Special Report: Fatal Farming

Special Report: Fatal Farming

INDIANA (WFIE) - A new report released by the Purdue Extension shows farming to be one of Indiana's most dangerous occupations.

In 2018 Indiana saw 34 farm related deaths.

We spoke with one southern Indiana farmer who had a brush with the dangers of farming, and he says bringing awareness to the issue is one of the best ways to keep both farmers and people in the community safe.

Jim Droege is a Posey County native, and he’s farmed for nearly 50 years.

“I started farming a little bit when I was in high school and continued afterwards and was able to expand the farm some after my tour with Uncle Sam, and I’ve been doing it ever since,” said Jim.

Jim says farming runs in his blood and that of his family, but in March 2016, Jim and his brother Paul experienced what was nearly a tragic accident.

"You can’t get out, and it happened in a matter of seconds,” said Jim.

Jim says he was working at the grain bin on their family farm when he got stuck. It was something that prompted Jim and his brother Paul to share their story in a video for farmers across the country.

“We started unloading the bin and had about 150 bushels come out of it or something like that,” said Jim.

Droege went into the bin when he realized something was wrong. He says in a matter of seconds everything changed.

Thankfully, because Jims brother and a friend were there, Paul was saved by local firefighters who used a rescue tube .

“It simply was a matter of me not taking a moment to stop and think. We all get engaged in what we’re doing and forget sometimes that this hazardous business,” said Jim.

Jim knows he was lucky. The same cannot be said for the 34 other Indiana farmers who died in farming related incidents in 2018. One was Jim’s brother, Paul.

“2018. Paul Droege, gets into a grain bin, does not come out. Still thinking maybe, heart attack while in there or heat exhaustion, it was a day in the 90′s in June. So Posey County gets another heart,” said Purdue Cooperative Extension Director Hans Schmitz.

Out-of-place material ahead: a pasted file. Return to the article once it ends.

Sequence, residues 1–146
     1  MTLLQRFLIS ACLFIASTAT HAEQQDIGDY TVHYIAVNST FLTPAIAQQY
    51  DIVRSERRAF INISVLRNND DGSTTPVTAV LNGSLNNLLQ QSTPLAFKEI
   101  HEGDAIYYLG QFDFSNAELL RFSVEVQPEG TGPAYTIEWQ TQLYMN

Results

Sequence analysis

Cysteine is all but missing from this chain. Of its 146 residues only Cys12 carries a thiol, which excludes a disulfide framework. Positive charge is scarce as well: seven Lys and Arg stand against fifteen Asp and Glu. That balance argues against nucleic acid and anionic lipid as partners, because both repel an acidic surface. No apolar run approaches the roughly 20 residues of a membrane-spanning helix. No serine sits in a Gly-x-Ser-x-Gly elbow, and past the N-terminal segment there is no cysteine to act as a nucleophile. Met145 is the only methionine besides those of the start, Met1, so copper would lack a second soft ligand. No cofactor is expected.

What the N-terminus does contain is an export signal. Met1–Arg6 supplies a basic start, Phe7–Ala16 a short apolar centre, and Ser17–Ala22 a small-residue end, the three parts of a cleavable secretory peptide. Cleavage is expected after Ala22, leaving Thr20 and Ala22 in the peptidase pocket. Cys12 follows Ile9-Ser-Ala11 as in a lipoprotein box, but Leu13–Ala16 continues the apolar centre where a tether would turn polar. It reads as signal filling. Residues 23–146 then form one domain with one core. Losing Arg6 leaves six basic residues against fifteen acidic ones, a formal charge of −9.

Since 1980, more than 1,000 people have died across Indiana and here in Southern Indiana, more than 60 deaths on local farms. A map lays out each life lost in the form of hearts but there’s so much more behind each heart on that map.

Hans Schmitz says the Droege brothers story is hard to talk about, but it’s these stories that are bringing awareness to a continual issue in the farming community.

“It’s a family destroyed for a time," said Schmitz. "It’s a shockwave to a community. It’s a farm gone. In some cases, it’s a farm that looks radically different.”

On that map with those hearts, you can see Posey County has had nine deaths since the 80′s. Vanderburgh had seven. There have been 12 in Gibson, 11 in Spencer, and 23 deaths happening Dubois County.

“If you just look at the last decade, there’s been a slight uptick in the last three years or so,” said Schmitz.

Jim says a lot has changed in the farming industry in the last 20-30 years, but even with advancements in technology, accidents still happen.

“Bins are a problem, have been in the past and continue to be, and again it’s just a matter of stop and recognizing and thinking, thinking, thinking. It’s hard to do, but it needs to be done,” said Jim.

According to that 2018 farm fatality report, The estimated fatality rate of 23.8 per 100,000 Indiana farm workers in 2018 compares to an estimated national death rate of 3.4 per 100,000 for workers in all industries.

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